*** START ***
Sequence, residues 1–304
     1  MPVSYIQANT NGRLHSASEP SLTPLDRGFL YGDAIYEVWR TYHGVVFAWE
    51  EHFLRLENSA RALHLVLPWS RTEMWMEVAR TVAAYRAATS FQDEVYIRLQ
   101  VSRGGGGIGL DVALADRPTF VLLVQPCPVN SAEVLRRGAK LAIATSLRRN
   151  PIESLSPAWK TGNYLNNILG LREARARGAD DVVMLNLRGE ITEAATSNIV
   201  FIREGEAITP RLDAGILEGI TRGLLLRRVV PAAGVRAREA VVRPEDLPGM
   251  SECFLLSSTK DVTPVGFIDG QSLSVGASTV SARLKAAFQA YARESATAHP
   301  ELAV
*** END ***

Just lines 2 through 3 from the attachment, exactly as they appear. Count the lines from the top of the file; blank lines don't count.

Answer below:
     1  MPVSYIQANT NGRLHSASEP SLTPLDRGFL YGDAIYEVWR TYHGVVFAWE
    51  EHFLRLENSA RALHLVLPWS RTEMWMEVAR TVAAYRAATS FQDEVYIRLQ